Review Article - Journal of Diabetology (2020) Volume 4, Issue 2
Continuous Glucose Monitoring Guided Assessment of Concentrated 200 IU/Ml rDNA Human Premix 30/70 Insulin in Type 2 Diabetes Mellitus Patients - Hemant Thacker - Bhatia Hospital, India
Of the worldwide 415 million people with diabetes, India is home to 69.1 million cases, representing approximately 6% of the global population with diabetes . Association between body weight and type 2 diabetes mellitus (T2DM) is well known. Higher levels of free fatty acids in patients with central obesity increase the need of more insulin production and predisposes patient to insulin resistance . Thus, obesity and its associated insulin resistance have contributed not only to increased prevalence of T2DM but also to a rise in the insulin needs of insulin requiring patients with T2DM. Despite the availability of several anti-diabetic agents, most patients with T2DM need addition of insulin in their treatment regimen . Thus, insulin is an indispensable treatment option for diabetes management. Several and long acting insulin analogues are available for the treatment of diabetes mellitus. The traditional insulin formulations (U-100) provide 100 units per milliliter. Apart from some endocrine disorders like polycystic ovarian diseases, Cushing syndrome, and temporary conditions like pregnancy, severe infection, and intake of steroid that cause high insulin resistance thereby increasing total daily insulin requirement, diabetes with obesity has been a common observation in outpatient clinics. Such patients in long run eventually develop high resistance and require ≥ 2 units of insulin per kilogram of body weight daily or > 200 units of insulin daily to meet their insulin needs. Such patients require high volume of insulin, in multiple doses which is painful thus leading to adherence issues.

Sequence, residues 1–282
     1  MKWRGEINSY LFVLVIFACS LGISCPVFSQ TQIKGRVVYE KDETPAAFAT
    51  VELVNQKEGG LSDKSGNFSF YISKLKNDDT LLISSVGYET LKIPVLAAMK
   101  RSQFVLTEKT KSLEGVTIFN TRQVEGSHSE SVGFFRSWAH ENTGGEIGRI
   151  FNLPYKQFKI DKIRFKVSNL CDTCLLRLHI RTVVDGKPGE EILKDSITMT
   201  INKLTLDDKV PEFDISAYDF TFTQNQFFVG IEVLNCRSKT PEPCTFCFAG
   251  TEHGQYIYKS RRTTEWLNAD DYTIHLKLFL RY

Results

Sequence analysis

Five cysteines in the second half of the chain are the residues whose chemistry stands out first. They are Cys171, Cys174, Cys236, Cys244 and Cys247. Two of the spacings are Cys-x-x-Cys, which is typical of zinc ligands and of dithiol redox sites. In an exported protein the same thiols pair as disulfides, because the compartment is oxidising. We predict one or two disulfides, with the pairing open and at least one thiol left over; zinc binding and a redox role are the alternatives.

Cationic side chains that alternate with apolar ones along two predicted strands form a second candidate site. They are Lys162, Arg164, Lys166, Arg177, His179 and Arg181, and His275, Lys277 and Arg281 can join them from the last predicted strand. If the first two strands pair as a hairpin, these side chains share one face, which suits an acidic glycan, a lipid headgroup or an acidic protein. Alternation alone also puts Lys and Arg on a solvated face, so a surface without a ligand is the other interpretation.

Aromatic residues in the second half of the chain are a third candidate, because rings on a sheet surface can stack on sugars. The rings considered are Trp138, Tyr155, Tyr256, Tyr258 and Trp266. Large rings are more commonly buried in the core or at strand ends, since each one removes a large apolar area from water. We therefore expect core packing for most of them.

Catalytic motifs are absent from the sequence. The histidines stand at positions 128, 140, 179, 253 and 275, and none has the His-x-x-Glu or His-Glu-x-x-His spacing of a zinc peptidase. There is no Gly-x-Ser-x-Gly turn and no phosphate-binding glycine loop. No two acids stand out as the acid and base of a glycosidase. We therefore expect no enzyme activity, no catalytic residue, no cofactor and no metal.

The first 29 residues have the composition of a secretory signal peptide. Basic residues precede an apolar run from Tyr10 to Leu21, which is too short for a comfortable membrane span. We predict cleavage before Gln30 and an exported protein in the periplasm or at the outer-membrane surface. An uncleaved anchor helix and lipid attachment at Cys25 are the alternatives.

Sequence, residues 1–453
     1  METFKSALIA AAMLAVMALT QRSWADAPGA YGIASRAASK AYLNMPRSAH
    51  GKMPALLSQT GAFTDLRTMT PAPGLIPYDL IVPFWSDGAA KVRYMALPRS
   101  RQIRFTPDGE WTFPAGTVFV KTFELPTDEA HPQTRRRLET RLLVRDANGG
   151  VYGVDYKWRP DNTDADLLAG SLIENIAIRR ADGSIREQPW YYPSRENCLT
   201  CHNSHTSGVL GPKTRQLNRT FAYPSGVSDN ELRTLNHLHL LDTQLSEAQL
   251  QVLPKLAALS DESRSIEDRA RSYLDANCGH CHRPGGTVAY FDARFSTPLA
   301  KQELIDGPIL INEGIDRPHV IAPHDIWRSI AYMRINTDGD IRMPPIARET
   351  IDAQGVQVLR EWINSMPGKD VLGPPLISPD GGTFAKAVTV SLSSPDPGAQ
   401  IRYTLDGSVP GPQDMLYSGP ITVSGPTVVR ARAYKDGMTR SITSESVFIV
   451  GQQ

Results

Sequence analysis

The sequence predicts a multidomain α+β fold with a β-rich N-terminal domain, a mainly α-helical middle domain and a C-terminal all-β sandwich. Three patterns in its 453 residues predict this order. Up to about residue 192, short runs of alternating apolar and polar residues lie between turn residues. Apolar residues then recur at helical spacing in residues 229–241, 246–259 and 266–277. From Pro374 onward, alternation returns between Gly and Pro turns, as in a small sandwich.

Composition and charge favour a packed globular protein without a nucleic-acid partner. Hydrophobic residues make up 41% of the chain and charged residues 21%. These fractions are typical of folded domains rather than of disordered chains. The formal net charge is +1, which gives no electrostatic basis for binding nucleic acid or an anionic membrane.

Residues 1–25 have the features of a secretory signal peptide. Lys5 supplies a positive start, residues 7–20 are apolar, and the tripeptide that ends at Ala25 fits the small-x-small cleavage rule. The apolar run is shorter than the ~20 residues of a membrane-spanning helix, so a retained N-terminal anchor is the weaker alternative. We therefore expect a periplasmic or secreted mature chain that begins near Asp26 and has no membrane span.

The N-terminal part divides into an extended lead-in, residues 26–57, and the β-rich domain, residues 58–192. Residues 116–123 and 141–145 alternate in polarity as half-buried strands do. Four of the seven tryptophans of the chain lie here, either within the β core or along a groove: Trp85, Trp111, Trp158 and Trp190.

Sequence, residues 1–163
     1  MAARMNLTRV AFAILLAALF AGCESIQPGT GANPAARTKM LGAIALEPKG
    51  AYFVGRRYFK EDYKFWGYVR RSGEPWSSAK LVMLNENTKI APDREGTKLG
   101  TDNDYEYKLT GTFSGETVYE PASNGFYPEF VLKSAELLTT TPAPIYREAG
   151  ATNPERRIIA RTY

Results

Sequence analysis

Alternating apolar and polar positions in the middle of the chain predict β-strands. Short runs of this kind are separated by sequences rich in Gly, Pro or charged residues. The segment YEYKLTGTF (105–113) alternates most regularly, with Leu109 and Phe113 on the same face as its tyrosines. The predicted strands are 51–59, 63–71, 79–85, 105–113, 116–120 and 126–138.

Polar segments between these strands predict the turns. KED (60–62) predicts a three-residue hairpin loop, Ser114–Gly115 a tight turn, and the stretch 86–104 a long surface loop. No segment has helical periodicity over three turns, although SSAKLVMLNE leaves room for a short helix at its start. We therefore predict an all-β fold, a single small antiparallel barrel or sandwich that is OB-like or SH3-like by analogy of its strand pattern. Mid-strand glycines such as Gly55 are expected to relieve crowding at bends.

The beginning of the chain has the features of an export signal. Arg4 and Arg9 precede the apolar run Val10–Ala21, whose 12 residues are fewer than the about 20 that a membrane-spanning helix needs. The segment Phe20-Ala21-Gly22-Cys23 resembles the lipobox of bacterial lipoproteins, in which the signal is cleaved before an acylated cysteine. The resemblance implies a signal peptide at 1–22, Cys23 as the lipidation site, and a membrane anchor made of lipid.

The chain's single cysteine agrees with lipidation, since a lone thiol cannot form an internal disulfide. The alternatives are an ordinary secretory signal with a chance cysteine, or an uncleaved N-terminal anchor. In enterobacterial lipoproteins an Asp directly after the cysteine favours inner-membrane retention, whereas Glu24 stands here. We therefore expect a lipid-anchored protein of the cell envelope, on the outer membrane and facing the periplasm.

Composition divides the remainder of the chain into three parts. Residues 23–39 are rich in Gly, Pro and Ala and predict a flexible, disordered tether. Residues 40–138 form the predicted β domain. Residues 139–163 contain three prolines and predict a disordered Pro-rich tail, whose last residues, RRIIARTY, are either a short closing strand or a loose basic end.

Therefore, a need of insulin formulations providing high dose at the lower volume was felt [2,3]. In order to fulfill this unmet need, concentrated insulin formulations are prepared. U-200 i.e. r-DNA human insulin premix 30/70, a concentrated insulin formulation which provides 200 IU per milliliter is marketed in India. U-200 is a rapid-acting insulin analog which differs from human insulin in its amino acid profile . The advantages of U-200 insulin include less intra-individual variability as well as reduced injection burden in individuals requiring high-dose and large volume insulin therapy with lower or similar risk of hypoglycemia like U-100 insulin . Data on 24 hour glycemic control with concentrated insulin in Indian T2DM patients are limited. Thus the study was planned to study the 24 hour glycemic variability with use of r-DNA Human insulin premix 30/70 at concentration of 200 IU/mL in patients with T2DM.